Economic Impact of Globalisation Risks

    Looking into the current and future globalisation trends, here are some potential risks that come with such trends.

    Economic Inequality

    Globalisation can accelerate income disparities and inequality between highly educated and highly skilled workers and the country's less educated and unskilled workers. 4 This means that unskilled workers have to face lower wages and their livelihoods are constantly threatened by globalisation. Unskilled workers also have less negotiating power in terms of wages, because their job can simply be done abroad by a worker accepting half the wages. Due to technological advancements, more and more jobs become automated every day, and workers with those specific niche skills are no longer wanted.

    Environmental Damage

    Traditional industries set up in the UK and those set up by TNCs can often accelerate environmental damage by increasing deforestation and air and water pollution around the country. The UK government is now trying to make modern industrial development as environmentally and economically sustainable as possible.

    The development of the London Sustainable Industries Park (London SIP) located on Thames Gateway, is actually built on the site that was previously home to a Dagenham Ford car factory. The first three organisations set up in the park focus on research and development of recycling processes, sustainable uses of food waste and the production of biogas. The park is an excellent example of what the future of UK industries could look like.

    environmental pollution-globalisation-studysmarterFig. 4: Environmental pollution caused by industries

    Economic Impact of Globalisation Example

    To better understand the reality of the economic inequality exacerbated by globalisation, we can take a look at the case of the North/South Divide in the UK.

    The North/South Divide

    Studies have shown that there has long been an income divide between the northern and southern cities of the UK. This happened because while the UK was globalising, most of the new businesses were set up in the South. This created a wealth disparity because the south experienced lower wages, higher unemployment and lower standards of living compared to the north

    According to the Centre for Cities, in 2015, for every 12 jobs created in the south since 2004, only one job was created elsewhere in the UK. For example, while cities like London and Milton Keynes had seen a surge in jobs available on the market, cities like Blackpool and Hull in the north have actually seen a decline.

    North South Divide-UK-Globalisation-StudySmarterFig. 5: Map showing the north-south divide in the UK

    Economic Impact of Globalisation - Key takeaways

    • Globalisation is the increasing connections between places and people across the planet, established through trade, politics and cultural exchanges, and helped by technology and transport.

    • Economic Globalisation is characterised by free trade, free labour and capital flows, and the increase in TNCs around the world, making the global trade cycle highly integrated.

    • The impact of globalisation on the UK economy can be seen in three phases: the post-1980s era, the post-industrial era and the recent sustainability era.

    • Some of the benefits of globalisation for the UK include economic growth, cheaper goods and services, foreign direct investment, migration and high-value manufacturing.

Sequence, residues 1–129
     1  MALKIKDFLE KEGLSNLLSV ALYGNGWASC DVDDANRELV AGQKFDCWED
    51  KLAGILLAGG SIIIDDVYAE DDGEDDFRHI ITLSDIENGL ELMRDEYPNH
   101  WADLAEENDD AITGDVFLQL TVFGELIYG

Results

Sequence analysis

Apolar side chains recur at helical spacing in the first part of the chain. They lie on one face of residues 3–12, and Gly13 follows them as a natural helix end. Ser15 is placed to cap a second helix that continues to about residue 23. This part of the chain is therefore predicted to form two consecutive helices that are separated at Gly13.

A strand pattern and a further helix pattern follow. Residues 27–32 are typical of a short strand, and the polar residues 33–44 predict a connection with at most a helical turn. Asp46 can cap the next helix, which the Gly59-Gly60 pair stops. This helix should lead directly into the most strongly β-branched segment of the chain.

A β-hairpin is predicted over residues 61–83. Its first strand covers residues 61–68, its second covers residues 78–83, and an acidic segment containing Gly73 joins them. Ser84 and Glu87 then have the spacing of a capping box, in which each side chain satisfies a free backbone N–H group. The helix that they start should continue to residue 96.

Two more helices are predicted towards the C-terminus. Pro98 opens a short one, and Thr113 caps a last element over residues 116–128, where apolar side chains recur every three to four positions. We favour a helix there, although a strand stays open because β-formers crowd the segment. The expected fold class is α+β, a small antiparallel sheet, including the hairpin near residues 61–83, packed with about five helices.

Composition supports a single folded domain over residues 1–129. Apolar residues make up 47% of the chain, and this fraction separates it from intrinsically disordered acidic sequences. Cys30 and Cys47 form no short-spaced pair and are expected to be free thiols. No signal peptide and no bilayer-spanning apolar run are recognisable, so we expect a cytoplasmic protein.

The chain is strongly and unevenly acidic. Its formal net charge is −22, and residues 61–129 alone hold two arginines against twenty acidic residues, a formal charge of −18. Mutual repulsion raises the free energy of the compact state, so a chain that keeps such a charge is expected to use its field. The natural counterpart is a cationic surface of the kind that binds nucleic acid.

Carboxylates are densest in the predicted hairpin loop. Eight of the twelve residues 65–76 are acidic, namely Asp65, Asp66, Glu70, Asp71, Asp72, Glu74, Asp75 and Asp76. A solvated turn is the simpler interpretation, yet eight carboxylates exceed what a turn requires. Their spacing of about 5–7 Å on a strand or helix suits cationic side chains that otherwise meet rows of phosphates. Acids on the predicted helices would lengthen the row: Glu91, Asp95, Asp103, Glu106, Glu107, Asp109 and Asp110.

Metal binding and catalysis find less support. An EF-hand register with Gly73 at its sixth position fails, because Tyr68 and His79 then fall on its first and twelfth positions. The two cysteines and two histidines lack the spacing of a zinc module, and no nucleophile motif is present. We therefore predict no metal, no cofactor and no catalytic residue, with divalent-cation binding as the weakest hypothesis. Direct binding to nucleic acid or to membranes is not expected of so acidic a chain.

• Some of the costs of globalisation for the UK include high dependence on imports, structural unemployment, economic inequality and environmental damage.

    • The North-South Divide in the UK is a good example that highlights the growing inequalities and wealth and income disparities in the UK in recent times.


    1. What is the definition of globalization? (n.d.). The Economic Times. [online]
    Frequently Asked Questions about Economic Impact of Globalisation

    What are the economic trends in globalisation?

    The UK economy witnessed the impacts of globalisation in three distinct phases: the post-1980s era, the post-industrial era and the recent sustainability era. 

    What is the economic impact of globalisation?

    Globalisation helps the economy move from being a predominantly agricultural economy to a manufacturing and then services and knowledge economy.  

    What is an example and effect of economic globalisation?

    Economic globalisation is characterised by the increase in free trade which leads to an increase in TNCs around the world. An example would be the "Mcdonaldisation Effect" which refers to the global spread of the Mcdonald's fast-food chain to every corner of the world, becoming a symbol of homogenisation and interconnectedness of the global economy. 

    What are the positive and negative effects of economic globalisation?

    Some positive effects include economic growth, cheaper goods and services, migration and FDIs. Some negative effects could be a high dependence on imports, homogenisation of cultures, economic inequality and environmental degradation.

    What are the economic risks of globalisation?

    Globalisation can create a lot of environmental damage and can strain natural resources which can stunt economic growth in the long run. It can also widen the income and wealth disparities in a country. 

    Test your knowledge with multiple choice flashcards

    Which of the following is a characteristic of economic globalisation? 

    Which of the following are benefits of globalisation for the UK economy? 

    Which of the following are the costs of globalisation for the UK economy?